There are three things that New York City must do to suppress the coronavirus, starting with testing as many New Yorkers as possible to learn who is positive, followed by figuring out if they infected other people and then providing them with assistance during the time they need to quarantine.

That’s according to the executive director of the Test & Trace Corps at NYC Health + Hospitals, Dr. Ted Long, who participated virtually yesterday in Community Board 8 Manhattan’s third installment on Contact Tracing.

“If there is one thing you take away from me here this evening, it’s that our program is only as strong as everybody in New York City participates in and the tracers themselves. This is very much a local effort, and it’ll only be as successful as we’re able to work together,” said Long.

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With regard to testing, as noted, the city has to be testing more people daily.

“The first thing we must do as a city is we must do a lot of testing for coronavirus [because] if we don’t test enough people and don’t find people that are positive, we can’t trace them, and we can’t figure out whom we need to help to offer services to,” Long said.

He added that in the early days of testing, the program was testing approximately 10,000 New Yorkers every single day; it is now testing daily 30,000 New Yorkers.

So, as the program tests and figures out who has the coronavirus the next thing to do is to figure out among those who are infected who did they potentially infect as well.

“In other words, who did they expose as contacts, and that’s what contact tracing is,” noted Long.

It involves talking to people who are newly diagnosed and figuring out how the program can reach out to people that are high-risk for having been exposed to the coronavirus. The program has a team of more than 3,000 tracers who call every single new case and talks to the infected and figures out with them who the contacts are that need to be located.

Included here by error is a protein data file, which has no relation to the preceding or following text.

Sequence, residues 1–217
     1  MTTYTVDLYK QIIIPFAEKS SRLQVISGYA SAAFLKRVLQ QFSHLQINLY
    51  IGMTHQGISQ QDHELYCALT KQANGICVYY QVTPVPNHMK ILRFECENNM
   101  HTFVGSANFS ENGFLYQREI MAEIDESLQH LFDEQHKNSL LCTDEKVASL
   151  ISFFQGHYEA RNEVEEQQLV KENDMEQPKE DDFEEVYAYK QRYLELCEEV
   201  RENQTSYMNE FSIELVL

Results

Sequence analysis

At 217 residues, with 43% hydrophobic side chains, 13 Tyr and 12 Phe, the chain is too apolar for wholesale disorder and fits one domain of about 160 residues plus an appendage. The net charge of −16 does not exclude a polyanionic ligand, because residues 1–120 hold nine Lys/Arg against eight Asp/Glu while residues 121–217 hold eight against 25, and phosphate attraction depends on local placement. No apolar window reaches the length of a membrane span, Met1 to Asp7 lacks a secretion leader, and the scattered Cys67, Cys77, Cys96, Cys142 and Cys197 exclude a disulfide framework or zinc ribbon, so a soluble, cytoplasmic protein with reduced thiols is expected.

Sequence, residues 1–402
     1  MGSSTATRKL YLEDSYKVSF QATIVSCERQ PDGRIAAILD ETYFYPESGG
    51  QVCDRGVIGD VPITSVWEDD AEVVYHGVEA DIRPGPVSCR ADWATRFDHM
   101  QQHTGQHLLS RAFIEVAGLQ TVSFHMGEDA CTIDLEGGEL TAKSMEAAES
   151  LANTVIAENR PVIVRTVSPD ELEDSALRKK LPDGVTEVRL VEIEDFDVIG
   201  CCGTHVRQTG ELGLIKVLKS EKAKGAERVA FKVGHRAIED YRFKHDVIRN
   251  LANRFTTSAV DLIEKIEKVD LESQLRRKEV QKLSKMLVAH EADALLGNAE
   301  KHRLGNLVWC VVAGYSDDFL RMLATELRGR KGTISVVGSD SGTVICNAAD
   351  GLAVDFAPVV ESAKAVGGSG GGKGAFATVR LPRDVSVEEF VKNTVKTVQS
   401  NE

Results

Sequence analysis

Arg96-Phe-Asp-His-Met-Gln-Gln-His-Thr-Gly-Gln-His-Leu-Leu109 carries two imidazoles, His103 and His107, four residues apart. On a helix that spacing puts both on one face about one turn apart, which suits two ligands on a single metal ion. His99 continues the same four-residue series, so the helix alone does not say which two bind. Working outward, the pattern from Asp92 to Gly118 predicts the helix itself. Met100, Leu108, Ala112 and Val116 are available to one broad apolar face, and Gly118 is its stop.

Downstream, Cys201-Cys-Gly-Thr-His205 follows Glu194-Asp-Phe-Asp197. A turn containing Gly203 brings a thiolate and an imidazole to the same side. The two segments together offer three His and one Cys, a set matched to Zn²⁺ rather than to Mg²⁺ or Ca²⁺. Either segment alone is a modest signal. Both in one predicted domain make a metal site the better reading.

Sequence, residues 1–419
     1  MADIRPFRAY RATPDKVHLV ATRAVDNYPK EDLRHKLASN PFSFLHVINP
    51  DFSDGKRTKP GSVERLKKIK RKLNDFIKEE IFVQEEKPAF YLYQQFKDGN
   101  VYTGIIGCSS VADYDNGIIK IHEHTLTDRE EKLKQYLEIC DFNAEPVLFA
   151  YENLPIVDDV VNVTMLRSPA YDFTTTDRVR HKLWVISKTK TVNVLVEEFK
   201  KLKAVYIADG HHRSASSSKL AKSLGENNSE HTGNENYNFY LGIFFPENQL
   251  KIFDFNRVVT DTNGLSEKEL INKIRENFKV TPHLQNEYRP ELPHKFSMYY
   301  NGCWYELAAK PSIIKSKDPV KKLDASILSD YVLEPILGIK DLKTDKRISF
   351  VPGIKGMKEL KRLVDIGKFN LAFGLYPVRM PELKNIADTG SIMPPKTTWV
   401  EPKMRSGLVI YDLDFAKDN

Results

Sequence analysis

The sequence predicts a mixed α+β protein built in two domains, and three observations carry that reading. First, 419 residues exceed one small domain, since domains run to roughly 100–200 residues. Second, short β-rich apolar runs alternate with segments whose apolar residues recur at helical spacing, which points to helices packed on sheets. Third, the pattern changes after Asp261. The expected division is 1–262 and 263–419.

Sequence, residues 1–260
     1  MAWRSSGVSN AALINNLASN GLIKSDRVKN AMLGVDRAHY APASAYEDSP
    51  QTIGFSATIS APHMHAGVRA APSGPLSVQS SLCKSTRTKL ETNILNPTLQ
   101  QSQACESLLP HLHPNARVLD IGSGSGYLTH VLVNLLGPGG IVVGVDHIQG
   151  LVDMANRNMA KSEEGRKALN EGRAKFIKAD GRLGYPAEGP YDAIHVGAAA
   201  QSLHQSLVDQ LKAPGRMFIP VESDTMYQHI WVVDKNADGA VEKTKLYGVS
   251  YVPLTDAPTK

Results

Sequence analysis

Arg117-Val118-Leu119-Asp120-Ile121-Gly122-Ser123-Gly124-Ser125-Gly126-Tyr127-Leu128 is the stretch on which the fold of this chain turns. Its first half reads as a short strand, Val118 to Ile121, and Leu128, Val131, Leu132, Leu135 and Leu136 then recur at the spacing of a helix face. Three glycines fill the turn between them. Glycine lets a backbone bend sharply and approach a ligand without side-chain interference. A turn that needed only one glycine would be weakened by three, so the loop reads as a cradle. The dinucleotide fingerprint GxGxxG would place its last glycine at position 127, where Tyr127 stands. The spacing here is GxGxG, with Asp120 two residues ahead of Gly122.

“Because if you’ve been exposed to the coronavirus, it can take up to 14 days for the virus to present itself, we call this a 14-day incubation period. So, if you’ve been exposed, we want you to stay home for 14 days without running the risk of exposing others to the virus,” added Long.

The third part of the program involves helping those who are infected by providing services. The hospital created a new role, the resource navigator, which pairs up New Yorkers with things like food delivery, medications and even help with things like eviction threats.

“So, it’s important we give New Yorkers a way to get through this. There’s a lot we can do to help you and for thousands of New Yorkers I’m proud to say that we have been able to help so far,” said Long.

The board then had the opportunity to ask questions; Russel Squire, co-chair of CB 8 Manhattan’s environment and sanitation committee, said it sounds too good to be true that if someone who may be infected is in a situation where the person lives with other people and therefore cannot self-isolate the city will pay for them to stay in a hotel.

Long explained that, indeed, if someone can’t safely self-separate, the resource navigator will drive the person to a hotel free of charge, provide pajamas free of charge and the entire stay, including being medically monitored, as well as meals, is free of charge.

“It does sound like it is too good to be true but it is 100 percent true. We have thought about this very carefully, and we’re proud to be able to offer this,” Long said.  

Squire also asked about what types of questions do the contact tracers ask when they call.

First, Long, explained, that after someone is tested at one of the more than 200 testing sites across the city, the results from the test get uploaded to a state database and from there the contact tracers draw from the results to base their questions.

The tracers then ask a host of questions to learn about any symptoms, followed by whom the person may have been in contact with, as well as if they’ve been to any congregant settings such as a nursing home or health care facility.

“So, by the time you are off the phone call with us,  we’ve talked about your symptoms to make sure you are okay, pairing you up with a clinician if necessary, as well as asking you about people, contacts and gatherings where you may have been exposed to others, and we conclude by asking you how can we help.” 

New York City Mayor Bill de Blasio announced three weeks ago that NYC public schools will reopen in the fall with a combination of in-person and remote learning. One of the last questions Long was asked was whether there is a specific school-oriented plan for contact tracing, to which he replied the Mayor will soon be releasing specifics.